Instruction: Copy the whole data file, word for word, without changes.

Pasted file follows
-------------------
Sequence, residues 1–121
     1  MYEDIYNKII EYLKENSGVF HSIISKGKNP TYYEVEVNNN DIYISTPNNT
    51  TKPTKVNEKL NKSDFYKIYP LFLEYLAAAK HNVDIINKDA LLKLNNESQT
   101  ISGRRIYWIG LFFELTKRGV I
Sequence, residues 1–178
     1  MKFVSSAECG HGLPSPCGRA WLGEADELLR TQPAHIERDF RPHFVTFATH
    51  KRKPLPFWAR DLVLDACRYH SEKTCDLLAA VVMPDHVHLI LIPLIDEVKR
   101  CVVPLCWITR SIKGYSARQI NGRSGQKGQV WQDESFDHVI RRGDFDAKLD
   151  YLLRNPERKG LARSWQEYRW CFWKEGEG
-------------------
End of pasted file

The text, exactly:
Sequence, residues 1–121
     1  MYEDIYNKII EYLKENSGVF HSIISKGKNP TYYEVEVNNN DIYISTPNNT
    51  TKPTKVNEKL NKSDFYKIYP LFLEYLAAAK HNVDIINKDA LLKLNNESQT
   101  ISGRRIYWIG LFFELTKRGV I
Sequence, residues 1–178
     1  MKFVSSAECG HGLPSPCGRA WLGEADELLR TQPAHIERDF RPHFVTFATH
    51  KRKPLPFWAR DLVLDACRYH SEKTCDLLAA VVMPDHVHLI LIPLIDEVKR
   101  CVVPLCWITR SIKGYSARQI NGRSGQKGQV WQDESFDHVI RRGDFDAKLD
   151  YLLRNPERKG LARSWQEYRW CFWKEGEG